One piece of information I was really glad I didn’t know prior to writing the story concerned the pigeons. The live pigeons were long gone. Far from shooing pigeons from inside the cabin, the restoration crew spent long hours removing ‘tightly wadded nests of twigs and the remains of dead birds’ and scraping dried bird dropping from every surface and orifice.

The greatest delight of all came after the book was published. A telephone call from a Qantas pilot in New South Wales who had learned about the book from a Western Australian Qantas pilot. He was also a member of HARS and well acquainted with those involved in the restoration and return of Connie. He was full of enthusiasm and generous in his praise. I felt relieved and delighted the book rang true even to those in the know!


I never cease to be intrigued by the underlying messages different readers attach to a story. Here are two unsolicited comments about Connie and the Pigeons.

This book is based on a true story and the strange adventure of little aeroplane called Connie (Lockheed Constellation L749). But as with all books there is more. It is also about separation anxiety, friendship, doing what you do best, and even recycling! Kathy Pierce, Pittsburgh USA

The text is pitched towards middle and upper primary, the comic sans font enhancing the lively pace of the story. Kelli Hainke’s illustrations complement the text and encourage the reader to look deep and uncover more. Her wandering lizard has its own story to tell and adds a ‘Where’s Wally’ aspect to the story.

The text is ideal for thematic planning and act as a stimulus and springboard into further studies of flight and the history of aviation in Australia. Within my room I have used the ICP strand in S&E to encourage internet research in several learning areas.
Year 5 teacher, Caversham Primary School.

* * * * * * * * * * * * * * * *

Thanks, Mabel, for a fascinating story behind the story of Connie and the Pigeons. The picturebook, (which you'll find reviewed at my other blog, ) tells a happy and simple story, but the guest blog you just read gives us the background and facts behind the story. As Mabel rightly points out, the sweeter and simpler aspects of the story are not strictly what happened, but, they are "right" for a picturebook. This seemingly throw-away comment deserves careful consideration. When turning a real event into a fictionalised story, authors must choose what facts to keep, what to leave out and what to change or smooth. Having been lucky enough to read both versions of the story, I believe Mabel chose well.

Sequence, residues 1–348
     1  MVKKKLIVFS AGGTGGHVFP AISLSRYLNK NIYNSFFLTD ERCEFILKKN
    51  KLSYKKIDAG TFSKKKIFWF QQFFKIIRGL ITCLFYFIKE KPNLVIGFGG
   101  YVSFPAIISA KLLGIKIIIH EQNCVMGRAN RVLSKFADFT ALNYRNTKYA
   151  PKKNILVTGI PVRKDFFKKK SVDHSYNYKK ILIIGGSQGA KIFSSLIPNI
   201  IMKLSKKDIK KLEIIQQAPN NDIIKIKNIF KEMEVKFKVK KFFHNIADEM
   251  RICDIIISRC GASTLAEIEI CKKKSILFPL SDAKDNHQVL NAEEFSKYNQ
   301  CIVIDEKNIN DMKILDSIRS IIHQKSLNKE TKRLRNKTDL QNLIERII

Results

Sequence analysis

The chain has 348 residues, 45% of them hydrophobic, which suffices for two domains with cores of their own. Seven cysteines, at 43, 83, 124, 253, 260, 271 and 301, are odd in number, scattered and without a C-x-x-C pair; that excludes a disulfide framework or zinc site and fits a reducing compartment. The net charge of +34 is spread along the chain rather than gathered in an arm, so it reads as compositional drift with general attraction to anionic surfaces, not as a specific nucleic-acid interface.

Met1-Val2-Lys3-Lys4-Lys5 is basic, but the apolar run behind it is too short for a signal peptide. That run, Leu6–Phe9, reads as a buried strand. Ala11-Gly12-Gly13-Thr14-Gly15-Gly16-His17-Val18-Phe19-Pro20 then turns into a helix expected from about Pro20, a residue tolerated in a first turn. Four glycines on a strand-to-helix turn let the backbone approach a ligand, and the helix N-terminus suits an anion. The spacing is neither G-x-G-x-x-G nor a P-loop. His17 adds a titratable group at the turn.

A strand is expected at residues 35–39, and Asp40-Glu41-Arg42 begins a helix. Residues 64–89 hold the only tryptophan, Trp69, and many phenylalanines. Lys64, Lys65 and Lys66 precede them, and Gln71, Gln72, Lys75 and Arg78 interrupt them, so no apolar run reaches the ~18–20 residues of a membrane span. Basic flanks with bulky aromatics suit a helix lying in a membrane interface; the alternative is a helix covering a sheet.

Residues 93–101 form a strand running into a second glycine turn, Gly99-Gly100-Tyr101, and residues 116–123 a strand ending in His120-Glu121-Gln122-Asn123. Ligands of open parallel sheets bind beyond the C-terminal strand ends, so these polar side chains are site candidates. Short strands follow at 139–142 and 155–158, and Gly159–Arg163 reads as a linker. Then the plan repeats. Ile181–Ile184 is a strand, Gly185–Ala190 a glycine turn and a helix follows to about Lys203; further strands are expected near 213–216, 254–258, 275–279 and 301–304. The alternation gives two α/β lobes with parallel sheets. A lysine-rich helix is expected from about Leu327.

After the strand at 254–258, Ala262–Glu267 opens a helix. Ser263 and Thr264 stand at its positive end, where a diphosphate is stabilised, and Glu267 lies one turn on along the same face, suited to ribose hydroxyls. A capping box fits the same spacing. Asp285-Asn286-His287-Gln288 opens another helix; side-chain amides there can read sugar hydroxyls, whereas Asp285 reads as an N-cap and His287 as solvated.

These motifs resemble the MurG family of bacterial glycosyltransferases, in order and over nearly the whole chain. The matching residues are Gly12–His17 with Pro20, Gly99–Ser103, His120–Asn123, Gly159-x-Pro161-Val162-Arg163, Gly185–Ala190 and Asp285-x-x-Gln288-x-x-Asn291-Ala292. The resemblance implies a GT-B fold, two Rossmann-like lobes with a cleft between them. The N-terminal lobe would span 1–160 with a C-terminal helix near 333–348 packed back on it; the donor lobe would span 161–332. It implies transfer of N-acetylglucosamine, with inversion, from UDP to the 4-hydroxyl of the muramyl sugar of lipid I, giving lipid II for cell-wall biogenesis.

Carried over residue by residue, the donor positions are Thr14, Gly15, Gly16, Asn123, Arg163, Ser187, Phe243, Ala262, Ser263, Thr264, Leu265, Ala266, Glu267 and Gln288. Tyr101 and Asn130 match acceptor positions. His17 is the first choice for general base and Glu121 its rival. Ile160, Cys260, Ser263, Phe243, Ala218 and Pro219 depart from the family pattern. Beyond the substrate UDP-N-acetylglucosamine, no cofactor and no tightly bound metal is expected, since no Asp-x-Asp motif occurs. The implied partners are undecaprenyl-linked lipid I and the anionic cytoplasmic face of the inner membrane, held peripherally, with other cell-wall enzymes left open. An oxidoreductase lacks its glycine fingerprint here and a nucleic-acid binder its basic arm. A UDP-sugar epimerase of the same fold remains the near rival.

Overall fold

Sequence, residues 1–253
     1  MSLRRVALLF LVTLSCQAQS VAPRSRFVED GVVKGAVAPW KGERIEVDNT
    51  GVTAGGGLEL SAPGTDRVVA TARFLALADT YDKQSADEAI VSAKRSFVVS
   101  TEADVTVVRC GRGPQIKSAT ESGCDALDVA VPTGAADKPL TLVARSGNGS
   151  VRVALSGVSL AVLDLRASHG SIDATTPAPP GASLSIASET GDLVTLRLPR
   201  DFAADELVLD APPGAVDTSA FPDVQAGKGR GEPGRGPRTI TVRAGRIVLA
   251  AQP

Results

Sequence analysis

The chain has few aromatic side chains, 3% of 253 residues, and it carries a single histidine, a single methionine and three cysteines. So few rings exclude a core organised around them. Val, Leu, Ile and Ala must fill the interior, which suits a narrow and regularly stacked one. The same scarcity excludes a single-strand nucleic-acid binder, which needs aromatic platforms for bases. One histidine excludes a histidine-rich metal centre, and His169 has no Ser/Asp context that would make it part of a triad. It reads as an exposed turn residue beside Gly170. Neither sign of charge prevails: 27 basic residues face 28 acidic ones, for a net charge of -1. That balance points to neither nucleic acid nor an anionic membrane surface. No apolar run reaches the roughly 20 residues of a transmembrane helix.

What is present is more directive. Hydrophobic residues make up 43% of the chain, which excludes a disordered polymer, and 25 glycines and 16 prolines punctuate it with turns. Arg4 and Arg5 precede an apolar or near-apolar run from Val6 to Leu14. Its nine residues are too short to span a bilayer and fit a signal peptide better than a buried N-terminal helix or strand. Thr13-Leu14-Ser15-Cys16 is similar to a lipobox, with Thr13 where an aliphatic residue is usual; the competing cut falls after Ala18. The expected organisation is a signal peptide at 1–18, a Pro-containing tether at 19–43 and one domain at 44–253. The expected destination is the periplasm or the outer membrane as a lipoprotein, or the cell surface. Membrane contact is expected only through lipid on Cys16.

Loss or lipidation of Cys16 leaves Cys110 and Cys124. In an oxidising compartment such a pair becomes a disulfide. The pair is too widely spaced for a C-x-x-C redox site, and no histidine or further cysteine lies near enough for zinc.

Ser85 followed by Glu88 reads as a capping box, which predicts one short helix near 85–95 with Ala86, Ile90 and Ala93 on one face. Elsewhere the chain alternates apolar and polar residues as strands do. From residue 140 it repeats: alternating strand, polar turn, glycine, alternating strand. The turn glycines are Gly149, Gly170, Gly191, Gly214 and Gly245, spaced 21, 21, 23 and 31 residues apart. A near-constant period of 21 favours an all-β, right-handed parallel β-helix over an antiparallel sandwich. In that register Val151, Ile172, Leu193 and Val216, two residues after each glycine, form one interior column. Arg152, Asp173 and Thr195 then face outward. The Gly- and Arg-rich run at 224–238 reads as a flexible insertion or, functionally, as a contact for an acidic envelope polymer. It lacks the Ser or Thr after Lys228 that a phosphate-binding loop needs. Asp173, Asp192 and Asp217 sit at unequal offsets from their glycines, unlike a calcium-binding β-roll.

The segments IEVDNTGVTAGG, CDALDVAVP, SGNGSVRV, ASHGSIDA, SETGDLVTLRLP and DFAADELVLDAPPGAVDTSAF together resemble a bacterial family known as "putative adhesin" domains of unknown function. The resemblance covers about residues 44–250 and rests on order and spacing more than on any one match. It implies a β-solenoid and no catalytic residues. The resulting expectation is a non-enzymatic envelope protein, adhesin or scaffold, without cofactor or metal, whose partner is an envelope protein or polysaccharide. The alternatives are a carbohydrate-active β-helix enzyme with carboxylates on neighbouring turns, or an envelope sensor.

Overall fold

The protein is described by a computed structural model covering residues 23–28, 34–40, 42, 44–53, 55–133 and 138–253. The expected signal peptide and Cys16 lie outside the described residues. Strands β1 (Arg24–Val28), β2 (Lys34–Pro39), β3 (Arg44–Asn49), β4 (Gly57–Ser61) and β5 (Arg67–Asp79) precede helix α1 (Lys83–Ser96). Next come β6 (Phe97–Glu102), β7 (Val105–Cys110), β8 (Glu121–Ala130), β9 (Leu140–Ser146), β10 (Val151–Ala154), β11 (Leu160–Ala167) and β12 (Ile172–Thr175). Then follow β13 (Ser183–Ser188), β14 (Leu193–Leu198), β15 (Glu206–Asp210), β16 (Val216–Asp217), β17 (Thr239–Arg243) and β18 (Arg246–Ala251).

Follow Mabel on her blog tour. She is appearing at the following blogs.

Monday, 23 March Sally Murphy at

Tuesday,24 March, Sally Odgers at (You are here now.)

Wednesday, 25 March, Dee White at

Thursday, 26 March, Refuelling stop at

Friday, 27 March, Brenton Cullen at

Connie and the Pigeons is available through Westbooks in Victoria Park WA (08) 9361 4211

Email:; online through or direct from the publisher Stories for the Telling 54 Hudson Avenue Girrawheen WA 6064 Tel. (08) 9342 7150 Email:

For those on the Eastern coast it is also available from

HARS Souvenirs
cnr Airport and Boomerang Roads

Albion Park Rails, New South Wales 2527


Qantas Founder Outback Museum
PO Box 737
Longreach Qld 4730

Saturday, March 21, 2009

Replay first chapter

Here's the first chapter of my century-spanning love story, REPLAY. It's available as a PDF or a paperback from, and I'd really LOVE someone to read it and give it an honest review.


Scored in a locked room.


This time round, I am a human girl and Harry is a dog. This is inconvenient, because my parents didn't really want a dog with a jutting eyebrow fringe and a shaggy, untrimmed beard. Nor did they want a dog that cost five hundred dollars.

A pedigreed Schnauzer! I said in despair when I recognised him that morning at the agricultural show. Why did you have to be a pedigreed Schnauzer, Harry? I mean - why did you have to be a dog?

Harry looked sheepish. His beady little eyes peered out from underneath that peculiar fringe. Sorry, Aelfthryth...

Ellie, I corrected. I'm called 'Ellie' now.

I was speaking to Harry mind-to-mind, of course. Australian English is the language I use in this Replay, but it isn't something a dog can ever learn.

Harry's little pink tongue polished his button nose. Sorry, Aelfthryth... I really couldn't help it.

Oh, never mind, I said. Of course you couldn't, any more than I could help the popinjay affair. (He was looking mournful. I never can stand it when Harry looks mournful.) It could have been worse. You might have been an elephant. Or a flea.

Or a bank manager, said Harry. I wish.

He was joking, of course. We both knew there was no way he could ever have made it as a bank manager.